Past and future sea level rise
Find out more about sea level rise, what causes it and what we do and don’t know about future sea level rise
What causes sea level rise?
There are three main causes of global mean sea level rise: (1) expansion of the ocean as it warms; (2) addition of water from loss of land-based ice (including glaciers and ice sheets); and (3) changes in land water storage.
At a specific location, sea level rise may differ from the global mean substantially due to additional processes. These include local ocean changes, changes in Earth’s gravity field from land-based ice or water storage changes and vertical land motion. For example, sea level rise due to melting of the Greenland ice sheet will have little effect on the UK, due to the spatial pattern associated with the changes in Earth’s gravity field.
Past sea level rise
As greenhouse gases have been emitted and the Earth has warmed (see previous deep dive into the Earth’s Energy Budget), the ocean has expanded and land ice has melted. This has led to an increase in global mean sea level rise of about 20 cm between 1901 and 2018. This amount of sea level rise is unprecedented in the last 3000 years, i.e. no century has seen as much sea level rise in the last 3000 years. It is also clear that sea level rise is accelerating: the rate of sea level rise was ~1.3 mm/year over the period 1901-1971, this increased to ~1.9 mm/year over the period 1971-2006 and to ~3.7 mm/year over the period 2006-2018. The contribution to sea level rise from ice sheets has increased by almost a factor of four from the 1990s to 2010s. It is important to closely monitor both global mean sea level rise and the individual contributions using tools such as the sea level dashboard.
Figure 1 : Illustration of contributions to past and future sea level change. From IPCC AR6: FAQ 9.2.
Future sea level rise
Projections of sea level rise are made by combining output from the latest CMIP6 climate models, and ice sheet and glacier models with simpler models called “emulators”. This approach means that, for the first time in IPCC AR6, the sea level projections are consistent with assessment of climate sensitivity and future surface temperature rise.
Projections are based on the Shared Socioeconomic Pathways, i.e. a set of scenarios that span a range of future socio-economic conditions. These are different from previous reports that used Representative Concentration Pathways.
In the IPCC’s AR6, likely range projections to 2100 (which cover two-thirds of the expected distribution) derive from processes that are reasonably well understood (see figure 2). These ranges are broadly consistent with projections made in previous IPCC reports (AR5 and SROCC) as well as climate projections for the UK (UKCP18).
In AR6, projections of global mean sea level are also provided for 2300 for a low emissions scenario (SSP1-2.6) and a very high emissions scenario (SSP5-8.5) (see figure 2). The range of possible sea level rise by 2300 is higher than UKCP18 because AR6 spanned a greater range of scenarios for the evolution of the ice sheets.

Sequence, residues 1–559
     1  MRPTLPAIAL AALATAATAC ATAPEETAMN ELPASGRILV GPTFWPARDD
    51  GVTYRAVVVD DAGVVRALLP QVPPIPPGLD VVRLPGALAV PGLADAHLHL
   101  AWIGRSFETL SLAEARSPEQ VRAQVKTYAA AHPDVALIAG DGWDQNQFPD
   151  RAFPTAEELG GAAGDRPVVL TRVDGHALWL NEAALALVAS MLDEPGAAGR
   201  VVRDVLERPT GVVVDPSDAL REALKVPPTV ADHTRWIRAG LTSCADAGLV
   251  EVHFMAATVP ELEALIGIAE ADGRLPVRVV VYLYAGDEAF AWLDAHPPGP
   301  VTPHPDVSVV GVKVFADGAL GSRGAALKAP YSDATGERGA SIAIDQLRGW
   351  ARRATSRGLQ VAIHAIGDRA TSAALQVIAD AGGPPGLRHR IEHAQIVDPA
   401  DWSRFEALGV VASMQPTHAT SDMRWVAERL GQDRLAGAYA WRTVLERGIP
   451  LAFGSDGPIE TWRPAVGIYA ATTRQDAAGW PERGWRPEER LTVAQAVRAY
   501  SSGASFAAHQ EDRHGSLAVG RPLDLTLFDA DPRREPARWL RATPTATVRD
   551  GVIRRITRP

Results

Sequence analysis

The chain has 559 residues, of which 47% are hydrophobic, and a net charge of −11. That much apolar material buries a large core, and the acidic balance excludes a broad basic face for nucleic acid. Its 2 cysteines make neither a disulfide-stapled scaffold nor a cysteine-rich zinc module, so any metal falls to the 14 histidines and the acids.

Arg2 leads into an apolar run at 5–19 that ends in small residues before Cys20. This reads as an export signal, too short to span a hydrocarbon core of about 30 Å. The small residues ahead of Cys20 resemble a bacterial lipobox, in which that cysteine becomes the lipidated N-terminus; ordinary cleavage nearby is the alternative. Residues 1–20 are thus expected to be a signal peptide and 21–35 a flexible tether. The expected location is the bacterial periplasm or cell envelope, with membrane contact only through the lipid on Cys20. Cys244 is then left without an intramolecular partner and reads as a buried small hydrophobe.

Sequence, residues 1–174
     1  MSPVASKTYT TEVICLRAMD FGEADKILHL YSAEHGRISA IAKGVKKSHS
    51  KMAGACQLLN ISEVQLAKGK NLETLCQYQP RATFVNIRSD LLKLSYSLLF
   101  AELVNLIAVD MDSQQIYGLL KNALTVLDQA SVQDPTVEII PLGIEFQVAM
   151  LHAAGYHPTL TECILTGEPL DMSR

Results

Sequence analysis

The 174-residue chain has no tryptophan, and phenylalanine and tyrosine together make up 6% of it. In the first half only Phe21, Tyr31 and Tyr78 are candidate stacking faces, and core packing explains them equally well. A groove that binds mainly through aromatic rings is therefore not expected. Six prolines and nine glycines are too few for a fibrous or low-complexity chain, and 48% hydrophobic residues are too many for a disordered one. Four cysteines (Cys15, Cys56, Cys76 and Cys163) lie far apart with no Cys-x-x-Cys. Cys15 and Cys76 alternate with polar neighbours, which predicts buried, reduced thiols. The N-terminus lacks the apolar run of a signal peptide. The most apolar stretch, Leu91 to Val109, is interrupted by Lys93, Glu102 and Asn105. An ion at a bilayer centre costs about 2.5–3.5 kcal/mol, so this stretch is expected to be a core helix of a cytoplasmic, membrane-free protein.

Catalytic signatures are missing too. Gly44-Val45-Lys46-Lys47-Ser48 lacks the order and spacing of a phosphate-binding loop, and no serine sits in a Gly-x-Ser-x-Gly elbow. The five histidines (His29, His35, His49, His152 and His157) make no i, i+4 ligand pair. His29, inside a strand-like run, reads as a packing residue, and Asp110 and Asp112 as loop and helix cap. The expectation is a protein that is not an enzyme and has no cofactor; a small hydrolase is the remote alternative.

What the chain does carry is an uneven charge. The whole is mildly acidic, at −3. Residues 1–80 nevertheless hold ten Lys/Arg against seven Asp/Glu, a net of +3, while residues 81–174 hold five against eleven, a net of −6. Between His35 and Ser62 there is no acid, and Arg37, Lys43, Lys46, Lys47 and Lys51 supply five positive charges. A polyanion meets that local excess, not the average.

IPCC AR6 also provides low likelihood, high impact storylines for future sea level rise. This is an important innovation compared to previous reports that allows decision makers to consider possible futures that lie outside the likely range projections.
What is a low-likelihood, high impact scenario for future sea level rise?
Many of the processes that lead to sea level rise are well-understood, such as the expansion of the ocean as it warms. However, key processes that determine the future rate of ice loss from the Greenland and Antarctic ice sheets are poorly understood, which leads to deep uncertainty in future projections. This means that scientists know there is a chance that we could see larger sea level rise than seen in the likely range projections, but they cannot currently quantify the likelihood of these outcomes. The uncertainty increases at higher levels of global warming (if warming is greater than we expect this century either because climate sensitivity is high or we follow a pathway of high emissions) because we may cross thresholds which mean that the evolution of the ice sheets is irreversible.
Taking the above into account, IPCC AR6 provides a low-likelihood, high impact storyline for possible global mean sea level rise (see figure 2). Storylines such as these should be interpreted as possible futures whose probability of occurrence is low or not well known, but if they did happen they could have a significant impact on society or ecosystems. This means that they can’t be ruled out and need to be considered as part of climate risk assessment and coastal decision-making.
For projections to 2100, the low-likelihood, high impact storyline could lead to an additional metre of global mean sea level rise and is associated with loss from both the Greenland and Antarctic ice sheets. The implications for uncertainty in UK sea level projections will need further work because the impact of ice loss from Antarctica is more important for sea level rise around the UK than ice loss from Greenland.
For projections to 2300, the low likelihood, high impact scenario could lead to global mean sea level rise of up to about 15m. This storyline is based on possible widespread loss from the Antarctic ice sheet. Under this storyline, large ice loss from Antarctica would have an even larger impact on UK sea level rise. This highlights that we need to work with scientists around the world to better understand and monitor the Antarctic ice sheet.
Figure 2: Projections of sea level rise in 21st Century and 2300 including low-likelihood, high impact storylines. From IPCC AR6: Figure SPM.8